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Debugging exit status 127 of custom binaries on AWS Lambda

AWS Lambda allows you to run custom binaries as child processes.

However, if the packaged binary you're running on AWS Lambda uses shared libraries, they may not be available in the Lambda environment. If this is the case, your binary will terminate without any output. In my case, the exit status code was 127, which wasn't very helpful (typically this is "command not found.")

2015-11-18T00:50:10.731Z	521db901-8d8e-11e5-b9df-cd31cc90ece2	Calling phantom:  /var/task/phantomjs [ '/var/task/phantomjs-script.js' ]
2015-11-18T00:50:10.809Z	521db901-8d8e-11e5-b9df-cd31cc90ece2	child process exited with code 127

Linux's loader,, allows you (see manpage) to set an environment variable called LD_DEBUG that will output verbose information while the shared libraries are loaded.

Since Lambda doesn't let you set arbitrary environment variables, you need to set the environment at runtime prior to starting your child process. In Node.js, this looks like:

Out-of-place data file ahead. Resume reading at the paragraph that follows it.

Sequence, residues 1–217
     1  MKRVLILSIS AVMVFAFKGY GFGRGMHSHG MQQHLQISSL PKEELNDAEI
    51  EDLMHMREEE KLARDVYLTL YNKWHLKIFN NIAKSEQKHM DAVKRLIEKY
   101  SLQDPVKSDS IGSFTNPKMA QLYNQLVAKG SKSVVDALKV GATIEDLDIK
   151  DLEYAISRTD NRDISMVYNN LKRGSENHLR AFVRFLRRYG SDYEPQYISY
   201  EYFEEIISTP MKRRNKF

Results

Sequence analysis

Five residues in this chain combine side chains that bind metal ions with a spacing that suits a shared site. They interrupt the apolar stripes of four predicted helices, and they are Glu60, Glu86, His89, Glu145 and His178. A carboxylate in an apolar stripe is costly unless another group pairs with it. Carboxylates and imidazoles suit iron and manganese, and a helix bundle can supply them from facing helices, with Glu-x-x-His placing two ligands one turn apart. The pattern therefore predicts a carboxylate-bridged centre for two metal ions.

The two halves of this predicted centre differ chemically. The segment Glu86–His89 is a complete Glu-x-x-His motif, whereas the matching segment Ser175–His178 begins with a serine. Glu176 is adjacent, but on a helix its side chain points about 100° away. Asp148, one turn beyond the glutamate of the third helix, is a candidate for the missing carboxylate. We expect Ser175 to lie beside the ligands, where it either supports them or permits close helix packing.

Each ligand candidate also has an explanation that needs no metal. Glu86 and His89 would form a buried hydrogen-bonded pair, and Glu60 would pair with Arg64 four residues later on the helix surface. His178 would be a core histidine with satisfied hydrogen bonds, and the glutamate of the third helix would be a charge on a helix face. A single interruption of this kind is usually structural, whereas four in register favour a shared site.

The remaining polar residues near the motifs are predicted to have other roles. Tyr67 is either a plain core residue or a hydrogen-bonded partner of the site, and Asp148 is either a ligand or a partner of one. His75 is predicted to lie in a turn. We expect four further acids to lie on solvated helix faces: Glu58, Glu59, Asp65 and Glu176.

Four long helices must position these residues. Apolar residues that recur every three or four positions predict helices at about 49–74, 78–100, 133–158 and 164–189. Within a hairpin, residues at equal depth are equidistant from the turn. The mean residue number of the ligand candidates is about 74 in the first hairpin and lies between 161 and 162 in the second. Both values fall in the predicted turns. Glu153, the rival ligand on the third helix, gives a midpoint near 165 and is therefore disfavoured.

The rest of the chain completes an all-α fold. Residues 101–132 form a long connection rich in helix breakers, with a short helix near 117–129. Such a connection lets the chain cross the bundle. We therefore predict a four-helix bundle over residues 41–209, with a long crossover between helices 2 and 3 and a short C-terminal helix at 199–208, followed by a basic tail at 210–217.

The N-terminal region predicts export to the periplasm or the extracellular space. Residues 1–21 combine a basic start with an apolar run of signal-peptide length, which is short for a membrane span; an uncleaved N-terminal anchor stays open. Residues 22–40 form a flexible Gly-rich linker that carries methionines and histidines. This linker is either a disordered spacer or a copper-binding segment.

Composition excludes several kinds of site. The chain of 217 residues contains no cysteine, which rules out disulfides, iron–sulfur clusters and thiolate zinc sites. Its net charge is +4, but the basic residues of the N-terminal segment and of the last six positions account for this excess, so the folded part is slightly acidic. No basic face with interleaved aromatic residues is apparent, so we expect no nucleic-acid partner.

process.env['LD_DEBUG'] = 'all';

  // However your progam executes your binary, e.g.
  // var phantom = childProcess.execFile('./phantomjs', args);

Re-run your Lambda function and you should get verbose information (including errors!) from the loader:

 7: [0];  needed by /var/task/phantomjs [0]
 7:	find [0]; searching
 7:	 search cache=/etc/
 7:	 search path=/lib64/tls/x86_64:/lib64/tls:/lib64/x86_64:/lib64:/usr/lib64/tls/x86_64:/usr/lib64/tls:/usr/lib64/x86_64:/usr/lib64		(system search path)
 7:	  trying file=/lib64/tls/x86_64/
 7:	  trying file=/lib64/tls/
 7:	  trying file=/lib64/x86_64/
 7:	  trying file=/lib64/
 7:	  trying file=/usr/lib64/tls/x86_64/
 7:	  trying file=/usr/lib64/tls/
 7:	  trying file=/usr/lib64/x86_64/
 7:	  trying file=/usr/lib64/
/var/task/phantomjs: error while loading shared libraries: cannot open shared object file: No such file or directory

In this case, the version of libicudata PhantomJS was compiled against is not available in the Lambda environment (more info here.). As Amazon indicates in their documentation, it's important to use binaries built on the actual Amazon Linux AMIs.

Also, since Amazon regularly updates Lambda's environment to track changes in Amazon Linux, it's best to compile custom binaries statically when possible.

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